Tuesday, May 19, 2009

Dear Comic Creators.

Make covers like this:


Wednesday, May 13, 2009

Twitter (yeah yeah, you knew it was coming)

Alright, so twitter has taken away the option to see replies to people that you don't follow.

This means that if i say:

@someoneyoudontfollow you don't see this in your twitter feed.

This is how i have had my settings since the beginning, there are people that i don't care to see replies to, and it would make my feed enormous -- and whenever i want a tweet to be for everyone to see, i structure it in such a way that their twitter name is not the first part of the tweet, ie:

You would see this tweet, @someoneyoudontfollow

So i am not super upset about the whole situation -- HOWEVER, i don't think that choice should be taken away. If you want to see EVERYTHING that someone says (which is available by going to the twitter website and looking at their feed) you should be able to do that. You shouldn't have to access twitter.com for functionality that is already there.

The other problem that this raises is, when people try and get around the filtering of replies, i now HAVE to see tweets that i have chosen not to see.

I stopped following JoeQ because i like following Bendis, for the most part, but their back and forth was just intolerable, so i dump the Q, and now i don't see Bendis' tweets at him. However, if he started doing the:

.@JoeQ hey, here is an inside joke, we are so great and funny, want to go for beers and talk about how we are great??

then i would see it, and be sad. So this whole situation pretty much screws over the people that DO want to see the tweets, and then they try and get around that (which i can totally understand) which screws over those that DON'T want to see the tweets.

Come on twitter, remove your head from your sphincter and restore choice.

[little update] it was suggested that "head up their ass" was a little extreme, and really, i was just being silly. I dont think that taking away choice is a good idea, even if they made the option default ON for new users to keep them from being confused and overwhelmed. My concern is a selfish one, that if people start trying to get around the filtering, my feed is going to grow exponentially and become unwieldy.

Friday, May 08, 2009


I have often thought about why i like superhero comics almost exclusively.

I recently asked for some recommendations for other books from the kickass @madmarvelgirl from fantastic fangirls (Caroline).

She asked me some interesting questions that i actually had to think a lot more about than i thought. Why do i like the books i do, what do i like about them, average questions to get a feel for what to recommend.

I think that i like comic books because while bad stuff happens to the comic heroines *usually* nothing TOO bad happens, and they always kick everyone's butts. Good triumphs in the end, wrongs are made right, all that good stuff.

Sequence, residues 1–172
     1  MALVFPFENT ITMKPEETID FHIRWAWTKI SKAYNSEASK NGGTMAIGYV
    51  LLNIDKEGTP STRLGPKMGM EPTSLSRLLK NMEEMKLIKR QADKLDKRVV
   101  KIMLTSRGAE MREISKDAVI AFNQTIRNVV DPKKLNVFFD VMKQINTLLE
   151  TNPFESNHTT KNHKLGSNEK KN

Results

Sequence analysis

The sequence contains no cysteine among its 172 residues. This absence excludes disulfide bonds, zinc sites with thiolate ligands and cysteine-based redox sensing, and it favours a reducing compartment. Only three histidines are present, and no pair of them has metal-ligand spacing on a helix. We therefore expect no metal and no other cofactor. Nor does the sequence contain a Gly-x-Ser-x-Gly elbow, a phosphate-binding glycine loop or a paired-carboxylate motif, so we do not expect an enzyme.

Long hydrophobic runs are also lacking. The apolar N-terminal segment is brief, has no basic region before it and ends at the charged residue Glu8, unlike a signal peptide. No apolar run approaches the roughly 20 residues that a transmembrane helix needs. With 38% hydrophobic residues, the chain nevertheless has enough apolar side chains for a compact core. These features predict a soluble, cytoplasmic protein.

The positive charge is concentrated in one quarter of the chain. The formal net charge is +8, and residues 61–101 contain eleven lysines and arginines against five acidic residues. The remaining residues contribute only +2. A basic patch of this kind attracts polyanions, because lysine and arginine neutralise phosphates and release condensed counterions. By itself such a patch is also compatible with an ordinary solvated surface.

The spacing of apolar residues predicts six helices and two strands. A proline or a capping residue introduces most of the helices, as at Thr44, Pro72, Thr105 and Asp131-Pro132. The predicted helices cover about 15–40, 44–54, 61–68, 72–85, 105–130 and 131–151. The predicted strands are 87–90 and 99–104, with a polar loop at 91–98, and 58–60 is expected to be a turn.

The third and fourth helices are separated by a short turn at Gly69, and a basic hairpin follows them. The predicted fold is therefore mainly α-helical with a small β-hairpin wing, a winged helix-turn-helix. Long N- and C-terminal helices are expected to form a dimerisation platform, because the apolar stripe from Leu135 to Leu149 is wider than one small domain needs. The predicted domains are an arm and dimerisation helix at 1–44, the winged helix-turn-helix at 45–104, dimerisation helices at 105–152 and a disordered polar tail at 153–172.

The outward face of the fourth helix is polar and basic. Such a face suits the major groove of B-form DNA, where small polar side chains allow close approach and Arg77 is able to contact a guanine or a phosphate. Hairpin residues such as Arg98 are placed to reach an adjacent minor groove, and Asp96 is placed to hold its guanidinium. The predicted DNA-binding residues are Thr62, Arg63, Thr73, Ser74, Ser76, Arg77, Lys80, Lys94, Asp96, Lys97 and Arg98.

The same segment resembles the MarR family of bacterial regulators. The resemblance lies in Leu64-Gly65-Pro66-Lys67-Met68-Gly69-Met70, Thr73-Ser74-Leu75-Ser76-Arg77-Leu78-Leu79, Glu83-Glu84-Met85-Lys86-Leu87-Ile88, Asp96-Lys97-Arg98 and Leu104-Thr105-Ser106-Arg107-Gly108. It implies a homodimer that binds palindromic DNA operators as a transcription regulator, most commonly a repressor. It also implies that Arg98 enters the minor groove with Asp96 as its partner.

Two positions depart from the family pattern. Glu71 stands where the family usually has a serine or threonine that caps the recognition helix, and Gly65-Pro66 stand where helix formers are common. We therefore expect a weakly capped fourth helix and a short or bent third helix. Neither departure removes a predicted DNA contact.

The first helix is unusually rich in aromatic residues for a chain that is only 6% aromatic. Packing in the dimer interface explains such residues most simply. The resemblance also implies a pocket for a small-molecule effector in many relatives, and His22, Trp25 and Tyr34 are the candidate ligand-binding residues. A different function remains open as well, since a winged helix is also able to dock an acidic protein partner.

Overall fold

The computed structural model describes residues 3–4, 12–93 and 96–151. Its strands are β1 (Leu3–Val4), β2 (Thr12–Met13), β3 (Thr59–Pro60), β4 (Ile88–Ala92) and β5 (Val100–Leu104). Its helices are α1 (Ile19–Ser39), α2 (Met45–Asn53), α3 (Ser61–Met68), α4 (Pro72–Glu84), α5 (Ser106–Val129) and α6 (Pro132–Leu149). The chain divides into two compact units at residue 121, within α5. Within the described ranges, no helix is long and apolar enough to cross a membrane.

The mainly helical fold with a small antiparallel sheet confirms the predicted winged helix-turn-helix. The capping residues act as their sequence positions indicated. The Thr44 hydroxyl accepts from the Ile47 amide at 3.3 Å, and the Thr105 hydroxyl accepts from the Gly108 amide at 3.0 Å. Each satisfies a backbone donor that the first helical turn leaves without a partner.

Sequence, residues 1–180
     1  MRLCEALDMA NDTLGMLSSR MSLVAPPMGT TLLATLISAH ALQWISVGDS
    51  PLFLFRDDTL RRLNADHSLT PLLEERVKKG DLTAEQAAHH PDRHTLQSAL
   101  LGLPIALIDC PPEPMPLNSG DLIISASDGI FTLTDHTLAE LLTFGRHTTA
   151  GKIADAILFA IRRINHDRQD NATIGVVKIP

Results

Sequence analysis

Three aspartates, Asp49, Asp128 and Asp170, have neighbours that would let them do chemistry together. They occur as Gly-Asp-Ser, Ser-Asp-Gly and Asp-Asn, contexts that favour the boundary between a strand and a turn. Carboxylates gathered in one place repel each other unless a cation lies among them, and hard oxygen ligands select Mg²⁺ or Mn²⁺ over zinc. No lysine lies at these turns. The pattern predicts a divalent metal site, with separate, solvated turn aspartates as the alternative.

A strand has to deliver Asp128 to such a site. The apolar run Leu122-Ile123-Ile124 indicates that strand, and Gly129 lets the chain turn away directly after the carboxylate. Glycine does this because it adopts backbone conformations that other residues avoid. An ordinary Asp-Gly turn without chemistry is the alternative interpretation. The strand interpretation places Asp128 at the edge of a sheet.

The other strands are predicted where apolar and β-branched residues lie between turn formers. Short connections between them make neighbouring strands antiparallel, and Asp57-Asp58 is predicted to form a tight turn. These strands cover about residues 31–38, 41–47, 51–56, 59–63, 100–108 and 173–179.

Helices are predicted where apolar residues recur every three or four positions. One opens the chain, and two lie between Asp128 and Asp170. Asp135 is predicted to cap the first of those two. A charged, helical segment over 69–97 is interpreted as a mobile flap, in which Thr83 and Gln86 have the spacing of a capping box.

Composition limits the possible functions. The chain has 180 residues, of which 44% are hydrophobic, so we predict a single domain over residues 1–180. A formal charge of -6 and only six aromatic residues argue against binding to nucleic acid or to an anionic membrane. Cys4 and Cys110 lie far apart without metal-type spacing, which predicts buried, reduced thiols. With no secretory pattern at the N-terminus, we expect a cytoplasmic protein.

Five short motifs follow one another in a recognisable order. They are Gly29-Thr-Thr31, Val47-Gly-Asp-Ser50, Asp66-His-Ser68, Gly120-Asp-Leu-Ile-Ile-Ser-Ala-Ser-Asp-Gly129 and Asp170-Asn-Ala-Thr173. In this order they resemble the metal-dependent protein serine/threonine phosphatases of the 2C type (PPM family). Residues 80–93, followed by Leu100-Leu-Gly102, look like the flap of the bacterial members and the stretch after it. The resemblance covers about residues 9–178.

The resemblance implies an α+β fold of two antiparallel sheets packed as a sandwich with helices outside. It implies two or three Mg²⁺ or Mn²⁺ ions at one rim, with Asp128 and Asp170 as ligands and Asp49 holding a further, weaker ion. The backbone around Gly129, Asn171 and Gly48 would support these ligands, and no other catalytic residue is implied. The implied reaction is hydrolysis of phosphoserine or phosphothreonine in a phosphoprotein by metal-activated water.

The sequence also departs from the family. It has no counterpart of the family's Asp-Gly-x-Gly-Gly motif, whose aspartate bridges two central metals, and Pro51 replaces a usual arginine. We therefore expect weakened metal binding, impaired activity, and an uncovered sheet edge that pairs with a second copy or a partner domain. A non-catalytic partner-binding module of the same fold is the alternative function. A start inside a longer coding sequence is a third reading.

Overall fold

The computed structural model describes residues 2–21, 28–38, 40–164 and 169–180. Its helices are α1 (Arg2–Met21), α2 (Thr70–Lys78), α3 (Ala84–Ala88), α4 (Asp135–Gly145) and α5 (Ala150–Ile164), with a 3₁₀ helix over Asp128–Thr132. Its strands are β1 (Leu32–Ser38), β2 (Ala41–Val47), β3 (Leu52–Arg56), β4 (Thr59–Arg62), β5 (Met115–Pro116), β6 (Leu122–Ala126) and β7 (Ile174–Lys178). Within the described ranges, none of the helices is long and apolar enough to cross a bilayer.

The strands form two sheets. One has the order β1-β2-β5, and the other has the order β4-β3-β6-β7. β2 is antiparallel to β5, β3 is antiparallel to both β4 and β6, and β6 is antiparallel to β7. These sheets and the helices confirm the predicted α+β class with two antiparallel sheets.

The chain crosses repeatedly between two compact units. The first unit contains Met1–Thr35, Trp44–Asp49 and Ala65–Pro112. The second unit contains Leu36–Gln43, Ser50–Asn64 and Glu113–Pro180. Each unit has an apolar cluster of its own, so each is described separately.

I think it became apparent to me why i like the books that i do, when i read the Spider-Man / Black Cat story by Kevin Smith. In it, there is a terrible scene where you assume that Black Cat has been raped. I had an immediate reaction to this, and it wasn't good.
I tried to figure out why i was so mad, or what the feelings were that i felt when i read it - it was betrayal. In the books that i tend to read things like this - real life terribly bad things - don't happen. I don't have to worry about having my guard up against them, I can just sit back and enjoy, secure in the idea that everyone gets what is coming to them.
I felt angry and betrayed on many levels. I felt like this was a stunt (it was, even within the book itself), i felt like it didn't need to happen -- it was just Smith saying "that's right, i am so edgy!" and it was cheap. The situation is handled poorly on so many levels, from people telling Black Cat what she HAS to do, assuming she is fragile and crazy, they are dismissive of her, I found it very hard to read. For someone who talks about his wife being a feminist, i dont know how he wrote that crap.

But anyway. In comic books the women are strong and beat up the bad guys, they can fly and are not pinned down by ordinary drudgery (cept for Spider-Man, but then, i dont read his book ;)). They can take matters into their own hands, heal wounds if any are inflicted, and are generally fabulous. That's why i read superhero comics.

When Did You Know You Were a Geek?

this is a reply i made to geekgirldiva's post.

i knew i liked playing video games, i knew that i tended to like "boy movies" instead of "girl movies", but i always thought that i would grow out of it. That i would one day choose shoes over games (i do like shoes, but i LOVE games) and that i would "grow up". I realized that this wouldn't happen when i was totally unhappy at my "grown-up job" (desk monkey at IBM) and that if i wanted to be happy in life, i needed to do something that i loved, and that thing was making video games.
I had gamed a lot as a kid, then i had sort of tried to get away from it, because i didnt know any people that shared my interest (pre-broadband internet) and it was lonely having an interest that i couldnt share -- when games had "2 player" on the box i knew i would only get to play 1.
But i had always kept up with industry news, i had continued to play various games, and then i knew -- that is what i would do.
And so i did. Now i make games.
Games lead me to comics, lead me to heroclix, and off the deep end into geekdom - but not being along in my interests anymore made a huge difference.